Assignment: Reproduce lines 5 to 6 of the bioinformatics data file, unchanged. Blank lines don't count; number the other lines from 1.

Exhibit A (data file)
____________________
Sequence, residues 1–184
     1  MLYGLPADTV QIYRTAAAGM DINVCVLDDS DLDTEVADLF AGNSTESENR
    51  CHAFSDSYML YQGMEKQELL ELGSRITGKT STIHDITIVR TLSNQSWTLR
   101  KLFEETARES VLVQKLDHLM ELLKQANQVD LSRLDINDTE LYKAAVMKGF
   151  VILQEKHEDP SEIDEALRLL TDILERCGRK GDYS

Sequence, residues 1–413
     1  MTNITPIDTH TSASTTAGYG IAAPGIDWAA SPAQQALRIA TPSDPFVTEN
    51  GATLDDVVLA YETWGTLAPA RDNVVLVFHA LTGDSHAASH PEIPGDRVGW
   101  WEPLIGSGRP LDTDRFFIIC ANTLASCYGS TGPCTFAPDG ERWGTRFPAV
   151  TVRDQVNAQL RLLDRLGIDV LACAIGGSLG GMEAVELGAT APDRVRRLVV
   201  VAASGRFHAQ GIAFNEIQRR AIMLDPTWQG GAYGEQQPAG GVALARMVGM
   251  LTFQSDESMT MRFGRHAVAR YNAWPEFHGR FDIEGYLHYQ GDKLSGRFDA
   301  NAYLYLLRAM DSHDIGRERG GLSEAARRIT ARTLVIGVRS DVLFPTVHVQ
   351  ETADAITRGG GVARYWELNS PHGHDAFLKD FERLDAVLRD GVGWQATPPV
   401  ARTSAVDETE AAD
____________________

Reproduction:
   151  VILQEKHEDP SEIDEALRLL TDILERCGRK GDYS

Sequence, residues 1–413